Health Effects of Alcohol
The Truth about What Alcohol Does to Your Body
Effects of alcoholism – When someone starts out drinking, he or she feels relaxed, confident, happy, sociable… The pleasurable effects of alcohol are undeniable. It makes it easy to forget about the negative effects: slowed reflexes, reduced coordination, warped thinking, poor judgement, impaired memory, impaired motor functions, and plenty more impairments.
These negative effects occur every single time one drinks, even a single beer. The more one drinks, the stronger these negative effects. (Those pleasurable effects will begin to fade quickly). Over time, the body becomes damaged from drinking… more damaged than you probably know. In fact, alcohol can cause several types of cancer.
Aside from bodily harm, alcohol use has been linked to depression, anxiety, societal withdrawal, violent behaviour, an increase in unprotected sex, and increased risk of motor vehicle accidents, suicide, injury, domestic violence, and even drowning. As if that’s not enough, alcohol does unbelievable damage to the body, and not just to the brain and liver. Virtually every part of the body is affected negatively from excessive drinking.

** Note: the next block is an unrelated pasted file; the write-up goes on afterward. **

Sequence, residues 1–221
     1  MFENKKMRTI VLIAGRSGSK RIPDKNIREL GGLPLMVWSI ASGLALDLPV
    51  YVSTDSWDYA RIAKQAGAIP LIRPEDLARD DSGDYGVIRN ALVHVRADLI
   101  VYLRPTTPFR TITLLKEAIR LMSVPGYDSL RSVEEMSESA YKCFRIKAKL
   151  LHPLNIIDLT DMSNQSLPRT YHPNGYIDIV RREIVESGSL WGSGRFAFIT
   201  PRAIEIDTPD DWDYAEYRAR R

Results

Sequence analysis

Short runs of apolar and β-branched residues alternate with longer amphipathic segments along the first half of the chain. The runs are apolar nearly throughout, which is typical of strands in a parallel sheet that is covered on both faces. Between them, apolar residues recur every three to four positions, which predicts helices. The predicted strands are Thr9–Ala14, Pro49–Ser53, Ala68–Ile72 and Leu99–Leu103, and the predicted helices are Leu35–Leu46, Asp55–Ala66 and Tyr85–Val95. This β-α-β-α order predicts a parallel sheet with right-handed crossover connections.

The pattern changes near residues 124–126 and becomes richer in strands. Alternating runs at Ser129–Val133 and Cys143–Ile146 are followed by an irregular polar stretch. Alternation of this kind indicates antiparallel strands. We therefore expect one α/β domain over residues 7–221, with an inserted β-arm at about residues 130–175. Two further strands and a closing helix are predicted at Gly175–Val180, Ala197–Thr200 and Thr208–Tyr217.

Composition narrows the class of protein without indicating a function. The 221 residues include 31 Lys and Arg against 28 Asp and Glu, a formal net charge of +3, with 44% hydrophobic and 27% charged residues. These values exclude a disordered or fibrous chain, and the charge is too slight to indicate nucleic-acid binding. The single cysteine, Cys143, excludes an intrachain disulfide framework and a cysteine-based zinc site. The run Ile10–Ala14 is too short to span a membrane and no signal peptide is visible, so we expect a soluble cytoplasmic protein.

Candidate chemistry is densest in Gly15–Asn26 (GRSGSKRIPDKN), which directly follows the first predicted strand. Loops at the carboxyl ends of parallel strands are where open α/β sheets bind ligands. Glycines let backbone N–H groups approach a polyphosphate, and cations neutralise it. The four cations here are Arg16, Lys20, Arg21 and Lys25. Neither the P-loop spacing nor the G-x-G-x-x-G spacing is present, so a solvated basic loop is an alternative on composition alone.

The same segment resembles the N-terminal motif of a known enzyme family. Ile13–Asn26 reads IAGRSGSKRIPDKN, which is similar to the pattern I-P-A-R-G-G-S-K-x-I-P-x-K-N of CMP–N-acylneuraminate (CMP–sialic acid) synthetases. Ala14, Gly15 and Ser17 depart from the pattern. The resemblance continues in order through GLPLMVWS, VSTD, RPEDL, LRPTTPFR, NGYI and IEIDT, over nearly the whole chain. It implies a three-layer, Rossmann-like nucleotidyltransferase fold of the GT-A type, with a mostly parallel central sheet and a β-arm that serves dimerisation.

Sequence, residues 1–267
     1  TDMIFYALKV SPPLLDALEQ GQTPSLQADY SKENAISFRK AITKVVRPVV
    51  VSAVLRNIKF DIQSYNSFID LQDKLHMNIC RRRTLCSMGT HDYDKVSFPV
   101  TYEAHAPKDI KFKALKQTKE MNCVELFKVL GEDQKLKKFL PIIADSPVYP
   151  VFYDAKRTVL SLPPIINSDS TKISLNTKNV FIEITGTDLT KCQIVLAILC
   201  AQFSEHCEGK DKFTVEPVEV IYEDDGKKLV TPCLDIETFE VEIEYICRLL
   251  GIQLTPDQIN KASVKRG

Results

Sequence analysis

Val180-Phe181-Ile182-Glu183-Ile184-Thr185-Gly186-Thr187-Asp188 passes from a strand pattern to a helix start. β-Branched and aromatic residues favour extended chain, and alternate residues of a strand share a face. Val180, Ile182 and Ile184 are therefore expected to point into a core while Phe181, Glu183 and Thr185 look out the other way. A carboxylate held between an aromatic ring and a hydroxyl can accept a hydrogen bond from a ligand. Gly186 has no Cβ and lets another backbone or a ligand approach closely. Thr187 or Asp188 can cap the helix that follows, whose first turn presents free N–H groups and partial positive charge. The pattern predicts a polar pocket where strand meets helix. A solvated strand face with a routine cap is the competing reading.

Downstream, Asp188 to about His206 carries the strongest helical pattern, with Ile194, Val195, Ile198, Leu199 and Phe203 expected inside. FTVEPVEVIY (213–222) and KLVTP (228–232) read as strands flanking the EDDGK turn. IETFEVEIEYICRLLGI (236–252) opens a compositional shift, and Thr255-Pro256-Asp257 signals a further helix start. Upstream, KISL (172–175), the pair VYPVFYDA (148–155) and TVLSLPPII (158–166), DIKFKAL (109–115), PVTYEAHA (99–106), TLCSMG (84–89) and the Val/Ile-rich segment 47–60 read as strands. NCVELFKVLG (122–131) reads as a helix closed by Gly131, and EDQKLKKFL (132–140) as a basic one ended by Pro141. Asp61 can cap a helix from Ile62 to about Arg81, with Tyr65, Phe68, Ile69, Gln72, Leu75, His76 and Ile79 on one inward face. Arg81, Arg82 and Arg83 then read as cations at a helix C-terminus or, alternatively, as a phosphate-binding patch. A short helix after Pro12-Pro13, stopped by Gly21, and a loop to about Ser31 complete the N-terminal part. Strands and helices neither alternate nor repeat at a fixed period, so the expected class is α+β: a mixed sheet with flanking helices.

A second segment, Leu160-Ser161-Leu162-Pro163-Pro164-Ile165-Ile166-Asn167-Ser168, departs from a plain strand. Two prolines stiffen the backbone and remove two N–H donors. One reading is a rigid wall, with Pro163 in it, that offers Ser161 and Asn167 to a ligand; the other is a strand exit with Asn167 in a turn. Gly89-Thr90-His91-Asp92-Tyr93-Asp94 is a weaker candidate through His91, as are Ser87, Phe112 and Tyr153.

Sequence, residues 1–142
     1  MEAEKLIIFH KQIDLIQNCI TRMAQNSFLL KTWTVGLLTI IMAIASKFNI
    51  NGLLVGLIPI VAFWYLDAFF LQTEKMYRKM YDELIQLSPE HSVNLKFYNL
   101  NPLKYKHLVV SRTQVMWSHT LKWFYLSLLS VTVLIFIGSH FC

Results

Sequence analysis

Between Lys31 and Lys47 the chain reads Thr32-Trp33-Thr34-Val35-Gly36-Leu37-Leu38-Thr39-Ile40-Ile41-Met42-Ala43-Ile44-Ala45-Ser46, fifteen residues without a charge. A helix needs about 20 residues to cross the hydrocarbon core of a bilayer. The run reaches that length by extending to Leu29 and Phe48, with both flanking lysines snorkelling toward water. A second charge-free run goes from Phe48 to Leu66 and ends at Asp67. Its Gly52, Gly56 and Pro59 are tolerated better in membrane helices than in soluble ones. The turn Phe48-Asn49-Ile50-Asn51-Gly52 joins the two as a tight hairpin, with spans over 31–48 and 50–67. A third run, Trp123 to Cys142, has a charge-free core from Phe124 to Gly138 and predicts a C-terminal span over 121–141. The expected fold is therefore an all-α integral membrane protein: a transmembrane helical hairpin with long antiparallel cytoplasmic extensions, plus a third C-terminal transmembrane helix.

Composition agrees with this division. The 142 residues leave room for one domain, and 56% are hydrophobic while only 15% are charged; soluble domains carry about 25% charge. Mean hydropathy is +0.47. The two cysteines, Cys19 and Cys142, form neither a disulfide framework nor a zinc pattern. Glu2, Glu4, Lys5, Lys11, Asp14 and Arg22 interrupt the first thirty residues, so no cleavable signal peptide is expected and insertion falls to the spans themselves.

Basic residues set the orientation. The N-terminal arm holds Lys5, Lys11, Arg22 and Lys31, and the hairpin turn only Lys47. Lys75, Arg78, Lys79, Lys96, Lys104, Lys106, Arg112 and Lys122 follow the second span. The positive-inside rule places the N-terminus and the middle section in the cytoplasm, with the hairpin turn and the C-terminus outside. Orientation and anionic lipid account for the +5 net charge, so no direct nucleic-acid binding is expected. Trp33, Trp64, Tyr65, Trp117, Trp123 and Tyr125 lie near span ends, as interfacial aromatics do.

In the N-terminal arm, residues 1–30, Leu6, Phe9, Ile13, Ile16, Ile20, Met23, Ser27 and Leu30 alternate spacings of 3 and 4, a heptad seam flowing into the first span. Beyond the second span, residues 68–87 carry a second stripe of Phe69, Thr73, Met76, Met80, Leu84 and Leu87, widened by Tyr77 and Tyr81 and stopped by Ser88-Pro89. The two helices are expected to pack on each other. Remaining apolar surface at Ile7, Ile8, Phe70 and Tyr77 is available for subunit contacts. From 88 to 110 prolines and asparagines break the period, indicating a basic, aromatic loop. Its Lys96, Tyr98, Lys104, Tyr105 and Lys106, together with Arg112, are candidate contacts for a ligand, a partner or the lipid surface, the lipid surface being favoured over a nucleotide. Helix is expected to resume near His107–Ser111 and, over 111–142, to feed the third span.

Let’s discover the truth about what alcohol does to the human body.
From the First Sip when alcohol is consumed, around 33% of it gets absorbed immediately into the blood, through the stomach lining. The remaining alcohol is absorbed more slowly into the blood, through the small intestine. Once in the bloodstream, alcohol diffuses into almost every biological tissue in the body, because cell membranes are highly permeable.